The forced-air furnace or central air conditioner in your home plays a double role: not only does it keep your home at a comfortable temperature but, because it’s responsible for circulating air, its air filter is your first line of defense against airborne particulates. Air filters should be replaced every month or two for best performance, meaning that you’ll have a lot of opportunities to test out your options, but here are a few things to consider when you’re buying a new air filter.
Air filters work by passing air through a fine, fibrous mesh. This mesh, like a sieve, strains out particles such as dust, dander, mold spores and bacteria, allowing the now-filtered air to pass through.
Filters also vary in efficiency. They’re rated according to the Minimum Efficiency Reporting Values (MERV) system, a numeric rating of one to 16, with higher numbers representing more efficiency. High Efficiency Particulate Air (HEPA) filters can be thought of as filling in the MERV ratings from 17-20. An air filter with a MERV value of one will catch dust mites and pet fur, but it won’t impede the flow of things like bacteria. A MERV of 16 means that most of the bacteria circulating through will be filtered out, as well as anything smaller.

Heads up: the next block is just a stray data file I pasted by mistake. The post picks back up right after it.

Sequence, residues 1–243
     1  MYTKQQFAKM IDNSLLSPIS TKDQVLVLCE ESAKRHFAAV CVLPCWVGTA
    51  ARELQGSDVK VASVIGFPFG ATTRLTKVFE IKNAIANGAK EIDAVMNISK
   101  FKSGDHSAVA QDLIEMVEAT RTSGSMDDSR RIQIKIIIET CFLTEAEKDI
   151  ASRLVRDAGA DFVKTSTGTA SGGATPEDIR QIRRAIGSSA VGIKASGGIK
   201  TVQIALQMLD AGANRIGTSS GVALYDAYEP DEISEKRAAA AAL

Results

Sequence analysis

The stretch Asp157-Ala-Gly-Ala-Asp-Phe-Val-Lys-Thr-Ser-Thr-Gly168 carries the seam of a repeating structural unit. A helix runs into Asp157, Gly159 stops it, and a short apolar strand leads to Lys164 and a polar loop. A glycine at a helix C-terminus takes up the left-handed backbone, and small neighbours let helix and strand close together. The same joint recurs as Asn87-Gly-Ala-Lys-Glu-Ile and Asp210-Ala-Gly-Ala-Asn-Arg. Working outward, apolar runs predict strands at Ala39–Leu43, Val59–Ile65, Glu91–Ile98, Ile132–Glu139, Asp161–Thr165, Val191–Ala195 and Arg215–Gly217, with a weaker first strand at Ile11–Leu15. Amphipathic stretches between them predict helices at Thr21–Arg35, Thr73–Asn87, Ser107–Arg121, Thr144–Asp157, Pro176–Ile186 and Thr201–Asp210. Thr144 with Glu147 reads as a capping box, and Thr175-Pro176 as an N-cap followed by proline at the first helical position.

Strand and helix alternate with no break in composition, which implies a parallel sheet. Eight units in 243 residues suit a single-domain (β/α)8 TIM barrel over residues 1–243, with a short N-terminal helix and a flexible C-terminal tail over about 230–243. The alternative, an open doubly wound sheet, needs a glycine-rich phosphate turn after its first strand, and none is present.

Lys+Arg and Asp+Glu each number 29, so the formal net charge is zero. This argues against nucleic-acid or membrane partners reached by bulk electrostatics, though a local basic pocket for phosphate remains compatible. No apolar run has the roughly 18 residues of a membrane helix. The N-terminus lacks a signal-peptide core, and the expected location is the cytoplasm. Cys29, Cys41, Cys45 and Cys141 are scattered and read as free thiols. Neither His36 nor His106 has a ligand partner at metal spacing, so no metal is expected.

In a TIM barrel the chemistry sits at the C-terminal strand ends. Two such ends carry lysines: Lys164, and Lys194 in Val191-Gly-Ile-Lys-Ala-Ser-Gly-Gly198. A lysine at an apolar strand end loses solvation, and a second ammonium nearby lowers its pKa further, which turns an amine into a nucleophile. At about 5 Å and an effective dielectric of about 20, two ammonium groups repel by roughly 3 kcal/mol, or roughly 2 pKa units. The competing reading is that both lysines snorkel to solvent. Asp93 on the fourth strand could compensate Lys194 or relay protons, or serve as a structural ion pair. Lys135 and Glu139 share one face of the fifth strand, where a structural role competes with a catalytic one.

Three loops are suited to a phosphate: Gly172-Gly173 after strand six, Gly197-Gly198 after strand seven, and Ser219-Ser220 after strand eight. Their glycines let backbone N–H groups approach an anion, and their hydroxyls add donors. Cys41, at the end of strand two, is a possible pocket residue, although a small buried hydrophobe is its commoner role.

So does this mean you should go for the highest-efficiency filter available? Not necessarily. Home furnaces are rated to handle certain efficiencies, because the finer the mesh (and the higher the MERV), the more difficult it is to pass air through the filter. Installing air filters that provide too much obstruction can cause undue strain on your HVAC system’s blower fan, and even lead to system failure. The same can happen if a system is allowed to become clogged.
Central and standalone air cleaners are available, some with HEPA filtration, but not all homes require this standard of air care. Homes with the very young, elderly or immunocompromised residents may consider purchasing a HEPA air cleaner for health.
Our goal is to help educate our customers in Corpus Christi, Texas about energy and home comfort issues (specific to HVAC systems). For more information about air filters and other HVAC topics, download our free Home Comfort Resource guide.
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